Indiana Pacers President of Basketball Operations Larry Bird made some fantastic moves this past offseason to upgrade his team’s bench. Bird acquired Luis Scola, Chris Copeland and C.J. Watson. He also drafted Solomon Hill out of Arizona.
The offseason acquisitions made sense under budget circumstances. All-Star Paul George was seeking mutual agreement on an expensive, long-term contract extension. Roy Hibbert, George Hill and David West all received contract extensions within the past year-and-a-half. Not to mention the possibility – which came to light – of Lance Stephenson having a breakout season this year and potentially receiving a new contract as well.
Thus, Bird was working with limited funds in attempting to upgrade the bench. Scola is surprisingly affordable considering he has always been a starter in the NBA. He earns approximately $4.5 million this season and just under $5 million in 2014-15.
Bird brought in Copeland for two years and about $6 million. Copeland has played sparingly, but I expect to see him used a little more this season and next because of what he’s earning. Otherwise, he could be trade bait after this season.
Scola and Copeland are both somewhat of a defensive liability, especially in head coach Frank Vogel’s system (Indiana Pacers lead the NBA in team defense).
Watson was the most important free agent for Indiana, coming to the Pacers for two years and $4 million. That’s an incredible deal and a serious upgrade from former Pacer D.J. Augustin. Watson has been excellent off the bench for the Indiana Pacers.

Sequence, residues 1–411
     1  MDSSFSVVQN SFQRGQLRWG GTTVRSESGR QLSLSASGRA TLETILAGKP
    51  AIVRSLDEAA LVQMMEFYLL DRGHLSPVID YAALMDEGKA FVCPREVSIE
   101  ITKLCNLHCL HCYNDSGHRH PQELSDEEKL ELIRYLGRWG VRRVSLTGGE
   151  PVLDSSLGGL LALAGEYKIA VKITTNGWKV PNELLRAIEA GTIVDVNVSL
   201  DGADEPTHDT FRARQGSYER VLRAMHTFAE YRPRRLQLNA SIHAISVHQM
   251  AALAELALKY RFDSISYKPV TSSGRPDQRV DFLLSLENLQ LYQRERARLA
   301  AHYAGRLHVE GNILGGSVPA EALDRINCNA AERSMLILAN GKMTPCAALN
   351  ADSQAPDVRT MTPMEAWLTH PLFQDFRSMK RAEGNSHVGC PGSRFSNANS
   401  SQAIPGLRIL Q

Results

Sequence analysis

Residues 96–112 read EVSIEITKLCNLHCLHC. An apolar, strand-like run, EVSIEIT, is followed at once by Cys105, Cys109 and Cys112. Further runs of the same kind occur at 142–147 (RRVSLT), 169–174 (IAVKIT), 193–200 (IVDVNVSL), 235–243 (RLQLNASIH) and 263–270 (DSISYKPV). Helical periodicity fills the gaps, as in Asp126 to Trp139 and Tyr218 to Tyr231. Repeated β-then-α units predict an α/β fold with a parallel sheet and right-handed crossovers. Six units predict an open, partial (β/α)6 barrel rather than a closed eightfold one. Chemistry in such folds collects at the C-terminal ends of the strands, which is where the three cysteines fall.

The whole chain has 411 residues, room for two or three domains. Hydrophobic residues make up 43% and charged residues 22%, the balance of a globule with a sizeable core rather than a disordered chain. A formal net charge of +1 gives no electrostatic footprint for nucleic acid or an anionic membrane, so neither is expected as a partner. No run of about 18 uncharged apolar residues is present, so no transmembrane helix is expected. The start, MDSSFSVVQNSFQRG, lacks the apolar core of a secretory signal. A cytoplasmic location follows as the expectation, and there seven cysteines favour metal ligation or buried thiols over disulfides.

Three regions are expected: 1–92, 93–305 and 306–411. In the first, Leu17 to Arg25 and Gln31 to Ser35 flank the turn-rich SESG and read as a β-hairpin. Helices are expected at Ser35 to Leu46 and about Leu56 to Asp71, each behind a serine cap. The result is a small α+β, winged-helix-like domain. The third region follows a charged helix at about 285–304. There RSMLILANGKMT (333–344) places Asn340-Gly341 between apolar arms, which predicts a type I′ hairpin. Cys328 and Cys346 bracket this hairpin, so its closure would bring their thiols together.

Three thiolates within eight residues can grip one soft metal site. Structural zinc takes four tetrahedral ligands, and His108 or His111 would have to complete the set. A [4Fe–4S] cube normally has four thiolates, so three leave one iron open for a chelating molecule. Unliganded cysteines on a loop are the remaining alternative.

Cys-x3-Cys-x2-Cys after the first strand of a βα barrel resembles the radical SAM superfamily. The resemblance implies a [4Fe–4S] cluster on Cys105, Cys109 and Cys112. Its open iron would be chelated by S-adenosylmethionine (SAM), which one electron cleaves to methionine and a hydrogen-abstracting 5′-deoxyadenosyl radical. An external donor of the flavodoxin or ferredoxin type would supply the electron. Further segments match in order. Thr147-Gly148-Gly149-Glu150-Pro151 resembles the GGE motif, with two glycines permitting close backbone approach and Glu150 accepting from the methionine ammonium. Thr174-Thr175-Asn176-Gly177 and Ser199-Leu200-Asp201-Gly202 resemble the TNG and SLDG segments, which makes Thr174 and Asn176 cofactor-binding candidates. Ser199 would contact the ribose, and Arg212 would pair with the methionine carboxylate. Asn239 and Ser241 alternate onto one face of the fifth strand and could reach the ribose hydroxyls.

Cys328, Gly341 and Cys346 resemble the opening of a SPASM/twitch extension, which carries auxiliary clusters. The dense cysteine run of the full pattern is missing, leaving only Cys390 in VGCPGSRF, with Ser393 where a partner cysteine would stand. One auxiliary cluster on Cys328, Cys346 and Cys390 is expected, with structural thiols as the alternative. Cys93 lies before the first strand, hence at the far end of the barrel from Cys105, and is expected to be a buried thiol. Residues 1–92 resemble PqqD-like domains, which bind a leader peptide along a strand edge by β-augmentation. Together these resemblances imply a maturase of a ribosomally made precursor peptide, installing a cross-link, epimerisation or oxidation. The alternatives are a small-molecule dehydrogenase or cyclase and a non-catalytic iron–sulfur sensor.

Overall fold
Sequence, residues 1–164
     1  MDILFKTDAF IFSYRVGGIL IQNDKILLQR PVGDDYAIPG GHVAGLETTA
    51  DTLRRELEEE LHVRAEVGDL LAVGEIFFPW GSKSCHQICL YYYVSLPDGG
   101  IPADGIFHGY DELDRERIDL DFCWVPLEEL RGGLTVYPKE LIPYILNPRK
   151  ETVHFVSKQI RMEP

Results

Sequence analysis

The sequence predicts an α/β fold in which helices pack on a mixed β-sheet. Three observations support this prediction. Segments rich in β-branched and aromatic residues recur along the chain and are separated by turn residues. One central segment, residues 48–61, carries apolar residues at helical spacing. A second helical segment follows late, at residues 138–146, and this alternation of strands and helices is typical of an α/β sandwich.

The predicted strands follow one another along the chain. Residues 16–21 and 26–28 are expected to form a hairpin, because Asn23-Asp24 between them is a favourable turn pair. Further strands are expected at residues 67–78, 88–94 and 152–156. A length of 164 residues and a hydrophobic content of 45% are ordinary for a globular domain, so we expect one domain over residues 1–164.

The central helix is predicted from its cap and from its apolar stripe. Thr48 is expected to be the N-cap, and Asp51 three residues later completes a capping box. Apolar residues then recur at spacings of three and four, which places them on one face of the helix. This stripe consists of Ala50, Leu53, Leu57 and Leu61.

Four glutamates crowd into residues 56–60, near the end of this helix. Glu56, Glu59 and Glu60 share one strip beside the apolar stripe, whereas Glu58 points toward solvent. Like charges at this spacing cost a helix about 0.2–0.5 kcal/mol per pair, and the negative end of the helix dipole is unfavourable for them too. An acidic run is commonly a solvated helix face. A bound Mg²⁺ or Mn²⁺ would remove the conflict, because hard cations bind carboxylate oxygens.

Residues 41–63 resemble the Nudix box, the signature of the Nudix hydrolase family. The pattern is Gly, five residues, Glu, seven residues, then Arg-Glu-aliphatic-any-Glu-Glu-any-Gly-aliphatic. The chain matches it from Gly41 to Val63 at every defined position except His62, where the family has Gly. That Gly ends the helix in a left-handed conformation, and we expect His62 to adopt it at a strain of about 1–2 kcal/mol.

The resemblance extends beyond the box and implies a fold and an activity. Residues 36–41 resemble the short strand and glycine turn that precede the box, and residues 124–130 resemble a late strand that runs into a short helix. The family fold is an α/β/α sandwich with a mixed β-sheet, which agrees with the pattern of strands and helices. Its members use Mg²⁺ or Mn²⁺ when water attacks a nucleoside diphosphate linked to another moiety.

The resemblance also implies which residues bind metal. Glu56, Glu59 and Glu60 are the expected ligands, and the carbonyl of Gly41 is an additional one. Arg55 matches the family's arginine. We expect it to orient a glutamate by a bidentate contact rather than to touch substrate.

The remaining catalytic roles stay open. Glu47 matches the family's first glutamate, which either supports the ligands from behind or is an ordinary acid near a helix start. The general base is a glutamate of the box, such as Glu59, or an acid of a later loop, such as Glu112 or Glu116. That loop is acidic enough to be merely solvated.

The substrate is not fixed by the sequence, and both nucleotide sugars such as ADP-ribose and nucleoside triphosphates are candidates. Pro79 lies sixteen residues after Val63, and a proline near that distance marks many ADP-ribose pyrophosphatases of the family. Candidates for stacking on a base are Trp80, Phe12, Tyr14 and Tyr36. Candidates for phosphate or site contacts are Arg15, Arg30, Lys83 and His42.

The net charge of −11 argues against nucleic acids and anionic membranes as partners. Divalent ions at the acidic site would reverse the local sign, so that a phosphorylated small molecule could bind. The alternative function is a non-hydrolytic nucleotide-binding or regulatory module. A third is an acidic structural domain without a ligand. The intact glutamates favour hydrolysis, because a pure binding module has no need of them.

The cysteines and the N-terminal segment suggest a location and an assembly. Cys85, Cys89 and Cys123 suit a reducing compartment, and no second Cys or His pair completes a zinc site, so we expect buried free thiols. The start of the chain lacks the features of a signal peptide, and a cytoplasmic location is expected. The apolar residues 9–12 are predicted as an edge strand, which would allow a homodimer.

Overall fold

Add in Danny Granger, having recovered from injury, and Ian Mahinmi, and one is staring at a solid bench.
However, even though the rotation of the bench has been consistent as of late, the contributions can be cloudy at times. The Pacers’ bench averages 25.9 points per game, only a slight upgrade from the 24.1 PPG of last season’s bench. With the poor play of the bench from a season ago in mind, and the upgrades that have been made since, 25.9 points isn’t very good.
That number is good for 25th in the NBA, about 20 points worse than NBA-leading San Antonio (45.4 PPG).
I bring up the inconsistency because Indiana can’t afford to play its starters 35-40 minutes every game and expect to content for a championship.
To compare, despite a very small sample size, Indiana’s bench had only 19 points Monday night at Golden State. Saturday against the Los Angeles Clippers, the same bench had 34 points. We have seen this far too often over two-plus seasons.
Consistency is key, and the starters have done their part. It’s up to the reserves to step up.